Brownfield land is a term used in urban planning to describe any previously developed land that is not currently in use, whether contaminated or not.
News of some 17,000 brownfield sites have been identified and mapped in Britain, totalling around 27,700 hectares, which could provide space for more than 961,000 new homes.
The work by the National Federation of Builders (NFB) is aimed at helping local authorities to do more to get development underway where it is needed and help to tackle the current housing crisis.
The NFB is urging decision makers to use their mapping tool to better understand the challenges posed by the housing crisis, rather than assuming it shows nearly a million homes can be delivered.
It points out that in Brighton only 12 out of 162 identified brownfield sites are publicly owned, equating to a minimum of 773 homes while in Sheffield, the local authority could deliver up to 6,310 homes on 81 publicly owned brownfield sites. A total of 300 sites have been identified in the region, which could see 22,194 new homes constructed.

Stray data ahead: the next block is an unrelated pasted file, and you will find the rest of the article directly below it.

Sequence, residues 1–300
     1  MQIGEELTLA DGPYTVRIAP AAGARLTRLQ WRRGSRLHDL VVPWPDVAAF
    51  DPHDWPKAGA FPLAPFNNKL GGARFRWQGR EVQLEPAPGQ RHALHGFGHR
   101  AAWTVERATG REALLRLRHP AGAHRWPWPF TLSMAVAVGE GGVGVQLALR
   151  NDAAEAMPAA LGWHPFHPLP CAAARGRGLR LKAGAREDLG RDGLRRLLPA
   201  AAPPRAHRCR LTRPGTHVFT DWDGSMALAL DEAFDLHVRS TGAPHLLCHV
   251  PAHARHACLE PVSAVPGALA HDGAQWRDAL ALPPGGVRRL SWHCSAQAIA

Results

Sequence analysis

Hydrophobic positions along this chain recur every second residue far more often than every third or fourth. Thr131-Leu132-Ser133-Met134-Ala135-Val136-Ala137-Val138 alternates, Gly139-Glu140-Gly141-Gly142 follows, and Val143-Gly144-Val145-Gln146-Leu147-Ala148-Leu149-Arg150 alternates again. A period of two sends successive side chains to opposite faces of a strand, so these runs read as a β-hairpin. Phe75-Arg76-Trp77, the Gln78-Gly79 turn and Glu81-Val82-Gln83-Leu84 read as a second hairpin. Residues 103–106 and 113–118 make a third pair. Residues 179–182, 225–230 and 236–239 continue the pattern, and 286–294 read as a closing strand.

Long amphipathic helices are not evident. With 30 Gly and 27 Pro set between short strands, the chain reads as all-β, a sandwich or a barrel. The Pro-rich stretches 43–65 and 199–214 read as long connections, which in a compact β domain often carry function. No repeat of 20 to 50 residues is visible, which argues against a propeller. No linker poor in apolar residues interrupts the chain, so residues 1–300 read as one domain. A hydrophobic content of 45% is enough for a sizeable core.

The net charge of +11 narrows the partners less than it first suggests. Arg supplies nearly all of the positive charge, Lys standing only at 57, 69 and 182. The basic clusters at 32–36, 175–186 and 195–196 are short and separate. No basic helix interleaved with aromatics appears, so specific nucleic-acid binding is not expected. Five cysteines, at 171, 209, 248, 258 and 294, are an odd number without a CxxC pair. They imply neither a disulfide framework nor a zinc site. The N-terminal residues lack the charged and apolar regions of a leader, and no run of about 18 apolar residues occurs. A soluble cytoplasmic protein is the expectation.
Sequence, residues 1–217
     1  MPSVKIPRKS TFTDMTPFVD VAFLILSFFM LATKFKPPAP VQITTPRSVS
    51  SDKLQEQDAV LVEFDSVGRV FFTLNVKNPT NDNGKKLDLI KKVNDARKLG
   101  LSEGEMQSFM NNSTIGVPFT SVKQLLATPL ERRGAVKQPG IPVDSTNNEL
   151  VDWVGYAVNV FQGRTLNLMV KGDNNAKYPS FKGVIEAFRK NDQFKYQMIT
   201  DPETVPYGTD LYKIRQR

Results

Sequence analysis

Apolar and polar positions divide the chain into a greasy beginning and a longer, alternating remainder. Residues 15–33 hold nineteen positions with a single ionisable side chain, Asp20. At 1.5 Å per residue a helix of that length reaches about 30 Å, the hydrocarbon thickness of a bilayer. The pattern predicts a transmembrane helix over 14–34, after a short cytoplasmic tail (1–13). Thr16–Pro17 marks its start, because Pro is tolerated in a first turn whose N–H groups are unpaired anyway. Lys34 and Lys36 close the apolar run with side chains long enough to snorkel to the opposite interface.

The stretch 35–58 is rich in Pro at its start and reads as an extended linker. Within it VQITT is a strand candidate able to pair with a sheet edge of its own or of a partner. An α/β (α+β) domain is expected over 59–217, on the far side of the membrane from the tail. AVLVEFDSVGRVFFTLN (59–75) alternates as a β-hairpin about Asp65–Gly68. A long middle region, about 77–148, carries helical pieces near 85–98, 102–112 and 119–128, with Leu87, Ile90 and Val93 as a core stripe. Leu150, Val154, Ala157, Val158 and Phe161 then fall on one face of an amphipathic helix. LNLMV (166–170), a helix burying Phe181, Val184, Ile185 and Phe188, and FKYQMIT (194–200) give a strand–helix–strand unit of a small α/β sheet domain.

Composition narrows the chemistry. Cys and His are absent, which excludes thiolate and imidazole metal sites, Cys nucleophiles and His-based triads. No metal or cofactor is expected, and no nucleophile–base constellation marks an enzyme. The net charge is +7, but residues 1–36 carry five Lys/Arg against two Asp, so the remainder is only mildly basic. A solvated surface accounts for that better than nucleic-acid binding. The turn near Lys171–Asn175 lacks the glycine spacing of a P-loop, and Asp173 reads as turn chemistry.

The mapping tool also uses data from out of date local plans. For example, in Horley in Surrey, a car park owned by the local authority has the potential to deliver 30 homes, despite serving residents, high street shoppers, commuters and local businesses.
‘This tool is another example of the private sector rising to the housing challenge. It may not give the full brownfield story, but it serves as a reminder that local authorities must do more to enable development within our existing communities,’ said Richard Beresford, chief executive of the NFB.
According to Rico Wojtulewicz, senior policy advisor of the House Builders Association (HBA), pointed out that there are even more brownfield sites that have not been covered, as well as sites that are not deliverable.
‘Mapping them helps the entire housing supply chain understand how complex land ownership and sites allocations really are,’ he added.
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